2. I still hesitate to call myself Bilingual in French. I would definitely say I am fluent, because I can really talk about most anything, even if I still make mistakes here and there… but I definitely could not take engineering or science classes in French, or math, etc!

    At the same time, language is always growing and changing, and it’s so important to stay up-to-date with current language trends on the internet and in real life!


  3. Bien sûr!, you are part of bilingual family! And you work as a French teacher–you couldn’t do that if you weren’t bilingual. I think we can be bilingual without being “fluent.” ACTFL, the American Council of Teachers of Foreign Languages, has developed a set of descriptors of each level of language knowledge from “novice” to “distinguished,” with “low,” “mid,” and “high” gradations for some of the levels:

    I’ve often wondered where I would fall along this continuum, but I’ve never been assessed by someone trained in the “OPI” (oral proficiency interview). I do remember one of my professors pointing out that even some native speakers would not qualify as “distinguished” or “superior” according to these guidelines, simply because they can’t speak extemporaneously and eloquently on every possible topic (like your husband’s unfamiliarity with engineering terms in his native language, or my semi-vegetarian self’s cluenessness when it comes to talking about red meat).

    I clearly remember a time when some of my fellow graduate students in TESL/TEFL and I were being considered for teaching assistantships in our university’s Intensive English Program; one very smart man from Spain, a novice teacher with great promise but also a thick Spanish accent, was immediately disqualified because he was not a native speaker of English. It seemed so unfair. Yes, he had an accent, but he also had an intimate knowledge of how people learn English as a second language and he was skilled at explaining it!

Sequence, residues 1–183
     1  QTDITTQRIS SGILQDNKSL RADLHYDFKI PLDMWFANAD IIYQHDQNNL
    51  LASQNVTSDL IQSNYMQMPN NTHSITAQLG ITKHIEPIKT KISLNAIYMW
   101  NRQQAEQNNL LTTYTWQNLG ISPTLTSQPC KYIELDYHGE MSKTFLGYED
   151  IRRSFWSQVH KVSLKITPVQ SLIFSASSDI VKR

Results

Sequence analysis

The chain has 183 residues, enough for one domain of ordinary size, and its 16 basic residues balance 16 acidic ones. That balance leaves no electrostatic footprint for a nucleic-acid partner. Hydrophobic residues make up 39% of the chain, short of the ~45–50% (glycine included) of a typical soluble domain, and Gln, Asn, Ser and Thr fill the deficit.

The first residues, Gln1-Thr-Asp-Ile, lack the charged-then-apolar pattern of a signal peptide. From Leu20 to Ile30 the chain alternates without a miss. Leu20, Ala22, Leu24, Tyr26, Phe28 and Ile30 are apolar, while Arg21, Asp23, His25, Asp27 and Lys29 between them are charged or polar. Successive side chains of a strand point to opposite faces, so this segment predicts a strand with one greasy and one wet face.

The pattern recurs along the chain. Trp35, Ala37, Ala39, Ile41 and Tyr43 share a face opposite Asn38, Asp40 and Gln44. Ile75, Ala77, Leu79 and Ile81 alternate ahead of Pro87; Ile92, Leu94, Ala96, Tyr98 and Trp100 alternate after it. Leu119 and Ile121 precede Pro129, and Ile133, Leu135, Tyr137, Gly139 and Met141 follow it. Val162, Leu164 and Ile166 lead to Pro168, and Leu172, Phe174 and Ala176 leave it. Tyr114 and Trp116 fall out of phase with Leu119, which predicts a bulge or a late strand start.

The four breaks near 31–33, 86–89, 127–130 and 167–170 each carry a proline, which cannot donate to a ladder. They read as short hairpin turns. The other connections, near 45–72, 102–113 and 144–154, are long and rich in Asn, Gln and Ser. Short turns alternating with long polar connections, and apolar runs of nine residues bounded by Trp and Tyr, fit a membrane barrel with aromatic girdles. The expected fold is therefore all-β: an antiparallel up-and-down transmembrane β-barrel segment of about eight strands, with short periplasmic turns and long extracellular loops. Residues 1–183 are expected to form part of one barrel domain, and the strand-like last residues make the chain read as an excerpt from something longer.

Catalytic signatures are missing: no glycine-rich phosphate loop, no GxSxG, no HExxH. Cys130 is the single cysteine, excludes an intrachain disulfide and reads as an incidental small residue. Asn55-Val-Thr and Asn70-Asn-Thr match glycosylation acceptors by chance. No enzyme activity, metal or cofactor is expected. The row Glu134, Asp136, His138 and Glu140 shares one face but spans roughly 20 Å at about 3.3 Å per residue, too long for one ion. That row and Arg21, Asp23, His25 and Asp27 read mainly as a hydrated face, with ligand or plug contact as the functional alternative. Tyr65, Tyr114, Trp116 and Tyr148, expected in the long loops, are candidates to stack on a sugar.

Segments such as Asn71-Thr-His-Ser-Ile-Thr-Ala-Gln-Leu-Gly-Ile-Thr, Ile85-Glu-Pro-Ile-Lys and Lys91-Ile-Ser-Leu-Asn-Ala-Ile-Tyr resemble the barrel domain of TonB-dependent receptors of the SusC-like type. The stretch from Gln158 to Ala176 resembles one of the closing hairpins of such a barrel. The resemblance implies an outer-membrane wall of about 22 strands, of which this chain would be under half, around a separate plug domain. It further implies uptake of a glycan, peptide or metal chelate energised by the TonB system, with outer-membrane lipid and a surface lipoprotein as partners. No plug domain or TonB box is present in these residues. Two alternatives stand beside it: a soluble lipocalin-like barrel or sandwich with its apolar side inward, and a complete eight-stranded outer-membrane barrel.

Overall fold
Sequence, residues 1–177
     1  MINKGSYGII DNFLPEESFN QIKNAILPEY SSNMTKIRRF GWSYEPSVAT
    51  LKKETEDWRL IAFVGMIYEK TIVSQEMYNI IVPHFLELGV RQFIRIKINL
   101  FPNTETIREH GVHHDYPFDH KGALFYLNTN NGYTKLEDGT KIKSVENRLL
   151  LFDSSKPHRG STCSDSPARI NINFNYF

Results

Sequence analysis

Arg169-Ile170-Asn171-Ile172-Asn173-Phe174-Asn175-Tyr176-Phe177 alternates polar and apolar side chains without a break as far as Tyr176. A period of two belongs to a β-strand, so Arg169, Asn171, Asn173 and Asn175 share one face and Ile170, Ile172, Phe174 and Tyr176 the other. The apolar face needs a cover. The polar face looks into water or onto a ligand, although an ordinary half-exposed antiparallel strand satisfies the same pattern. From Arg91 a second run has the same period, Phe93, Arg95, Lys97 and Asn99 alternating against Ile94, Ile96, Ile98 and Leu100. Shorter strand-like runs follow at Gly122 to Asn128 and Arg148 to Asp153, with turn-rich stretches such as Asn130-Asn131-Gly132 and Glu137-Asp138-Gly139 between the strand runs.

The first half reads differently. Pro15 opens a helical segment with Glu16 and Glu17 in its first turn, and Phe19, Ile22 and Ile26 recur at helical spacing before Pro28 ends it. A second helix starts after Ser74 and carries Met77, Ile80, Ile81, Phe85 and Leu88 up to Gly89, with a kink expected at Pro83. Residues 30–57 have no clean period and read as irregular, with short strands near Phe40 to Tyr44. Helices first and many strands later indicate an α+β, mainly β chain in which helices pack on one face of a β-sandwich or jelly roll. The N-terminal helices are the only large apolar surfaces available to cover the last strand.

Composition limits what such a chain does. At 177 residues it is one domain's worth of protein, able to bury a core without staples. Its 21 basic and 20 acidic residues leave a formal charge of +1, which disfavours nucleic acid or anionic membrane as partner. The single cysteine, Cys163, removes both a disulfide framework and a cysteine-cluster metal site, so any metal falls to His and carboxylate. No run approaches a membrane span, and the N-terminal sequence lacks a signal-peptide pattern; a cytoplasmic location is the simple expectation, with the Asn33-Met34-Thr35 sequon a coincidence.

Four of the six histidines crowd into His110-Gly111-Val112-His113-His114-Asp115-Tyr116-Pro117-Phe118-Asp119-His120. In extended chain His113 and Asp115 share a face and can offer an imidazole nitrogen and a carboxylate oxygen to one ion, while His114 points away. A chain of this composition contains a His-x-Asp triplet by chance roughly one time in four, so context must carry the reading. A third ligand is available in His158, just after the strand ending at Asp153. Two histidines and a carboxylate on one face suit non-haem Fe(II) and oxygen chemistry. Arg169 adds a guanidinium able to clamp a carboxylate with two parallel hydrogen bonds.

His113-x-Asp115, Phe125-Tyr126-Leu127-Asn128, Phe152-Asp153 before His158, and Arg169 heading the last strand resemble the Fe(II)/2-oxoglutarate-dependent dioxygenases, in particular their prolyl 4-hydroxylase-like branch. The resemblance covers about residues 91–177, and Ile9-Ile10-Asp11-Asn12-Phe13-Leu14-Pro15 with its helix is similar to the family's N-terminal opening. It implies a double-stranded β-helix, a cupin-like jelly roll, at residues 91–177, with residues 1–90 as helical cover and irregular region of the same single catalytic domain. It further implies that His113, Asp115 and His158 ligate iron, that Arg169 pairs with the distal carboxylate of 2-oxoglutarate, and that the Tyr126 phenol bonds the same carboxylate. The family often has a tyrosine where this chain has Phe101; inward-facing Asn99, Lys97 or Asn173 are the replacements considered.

I wondered if I were the American in France trying to get a job teaching French to other foreigners if I would experience the same discrimination. My accent immediately identifies me as an American. But in the ~15 years since then, I have come to terms with the fact that my French will never be flawless (unless I can talk my family into spending a couple of years abroad). My French is not native-like, but it’s pretty fluent, and I’m definitely bilingual. Toi aussi!

    • Merci, Sarah! Those guidelines from ACTFL are interesting – it would be fun to be tested to see where we are at! Too true, that even native speakers could often not be considered Superior or Distinguished: we all have areas of the language, as you point out, that we are expert at as well as areas where we are as lost as a person who barely speaks the language might be! I’m taking a class this Maymester at CU Boulder with a woman who is a professor in the English department, and she hails from Belgium. Her English grammar is flawless and quite eloquent, her accent is mostly Oxford English but a French accent does slip in there from time to time. She’s an expert on the language, and on literature – her subject, yet I wonder if she’s experienced discrimination trying to find a tenured position in English departments here in the US because of her non-native status?

      The class is fabulous – franco-belgian bande dessinée. Intense trying to cram a semester’s worth of material into 3 weeks, but at least the subject matter is fun!

  4. I would definitely consider your family bilingual! Perhaps not fluent for some of you, depending on the definition but still I am impressed with how much you have done.I am aiming towards defining my family as bilingual with my definition being: we run our daily lives in both languages regularly and we consistently word toward improving our french (the non-dominant language). I hope to make some serious progress this summer!